Niall Ferguson has written about imperial falls.  To think of the collapse of the British empire as a protracted process, he argues, is wrong.  “The zenith of British territorial power was in fact in the 1930′s.  To Churchill, sitting as an equal at Yalta (Feb 1945) with Roosevelt and Stalin, it didn’t seem as if the sun would set on the British empire under his watch.”   As for US power today, he believes it is danger of a dramatic fall, not a slow decline.

The most interesting discussion of inflection points I’ve come across recently was in a lecture by Frank Gavin, a historian at the Lyndon B. Johnson School of Public Affairs at UT-Austin.  Gavin asks whether the United States today is more like the United States in the 1970′s or Great Britain in the 1870′s.

Recall the global position of the US in 1975.  We had just lost Vietnam; Nixon had resigned in disgrace; the economy was bad; there was a sense of cultural malaise.  Who would have thought that the nation was on the verge of an economic and technological explosion that would last for decades?

Or think of Britain in the 1870′s, halfway through its imperial century.  In that decade, Britain was on top militarily and economically, had the world’s best education system, and presided over enormous swaths of land.  Yet that decade, many scholars believe (Ferguson excluded), marked the beginning of Britain’s decline.

So where are we?  Are we undergoing a third tectonic shift as Zakaria believes – a transition as monumental for the international system as the rise of the West?  Or is the current transition more akin to the reordering of the international system after one of the world wars?  Are we back in the 1970′s?  Might we be on the verge of the next technological revolution, one that will leave the United States atop its global perch?  Can any of these scenarios be ruled out?

In his lecture, Gavin quipped that “Any time you hear someone in 2010 tell you something about where America’s power is going, it should make you laugh.  There is no one in 1976 who thought that America’s power was not in decline.”  Is this true (and is this true)?  Is the direction of American power unknowable?  Did everyone in 1976 believe America was in decline? . Eenlifatatel .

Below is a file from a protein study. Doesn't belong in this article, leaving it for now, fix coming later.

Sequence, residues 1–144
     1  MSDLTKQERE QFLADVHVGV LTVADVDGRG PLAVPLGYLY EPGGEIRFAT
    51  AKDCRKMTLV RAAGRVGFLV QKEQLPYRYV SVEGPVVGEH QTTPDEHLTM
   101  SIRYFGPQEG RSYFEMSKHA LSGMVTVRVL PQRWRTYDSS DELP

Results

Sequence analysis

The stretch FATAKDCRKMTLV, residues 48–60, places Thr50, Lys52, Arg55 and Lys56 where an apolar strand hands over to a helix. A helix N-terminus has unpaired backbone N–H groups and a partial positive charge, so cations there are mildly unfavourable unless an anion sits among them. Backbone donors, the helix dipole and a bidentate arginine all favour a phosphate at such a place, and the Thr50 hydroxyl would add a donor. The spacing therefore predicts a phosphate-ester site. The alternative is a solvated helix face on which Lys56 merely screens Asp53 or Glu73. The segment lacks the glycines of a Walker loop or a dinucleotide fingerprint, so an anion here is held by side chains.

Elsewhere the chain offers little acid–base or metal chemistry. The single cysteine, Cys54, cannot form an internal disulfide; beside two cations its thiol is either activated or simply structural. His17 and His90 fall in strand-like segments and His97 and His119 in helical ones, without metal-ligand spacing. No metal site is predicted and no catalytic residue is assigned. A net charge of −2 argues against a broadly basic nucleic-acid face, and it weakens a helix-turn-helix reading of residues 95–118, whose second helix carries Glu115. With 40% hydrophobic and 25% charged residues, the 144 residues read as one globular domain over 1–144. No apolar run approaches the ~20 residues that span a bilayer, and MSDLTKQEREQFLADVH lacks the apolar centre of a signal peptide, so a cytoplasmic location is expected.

Joseph Nye has said security is like oxygen: everyone enjoys it when it is present and few fully appreciate it until it is absent, at which point regaining it becomes an all-consuming obsession.

At a recent workshop on grand strategy, one of my colleagues observed that American power may be like gravity: it is hard to evaluate its reach and impact until it is gone, at which point we are likely to miss it acutely.

He is on to something that policymakers have recognized but have struggled to articulate in a way that won’t get mocked by academics (cf. “indispensable power”).  Certainly the dgfev online casino online casino United States has not always wielded its power perfectly, and Simply put, if your casino online cap was $2,000,000 you no longer had health medical insurance the moment your insurer online casino spent casino online dollar number two million on you. there are casino online doubtless instances when some (perhaps casino online many) online casino other international actors would have online casino preferred “less United States involvement.” But the United States has been a critical provider of global casino public goods, casino online especially global public online casino nbso goods in the security sphere and a world where the United States is both unwilling and incapable of providing those public goods is likely to be a world far less congenial for many global actors — including, ironically, many who have made a cottage industry of blaming America first for the world’s problems.

Perhaps the question is best put this way: what global problem will be easier to solve if the United States is weaker relative to other countries and, feeling that weakness, is less-willing to engage globally?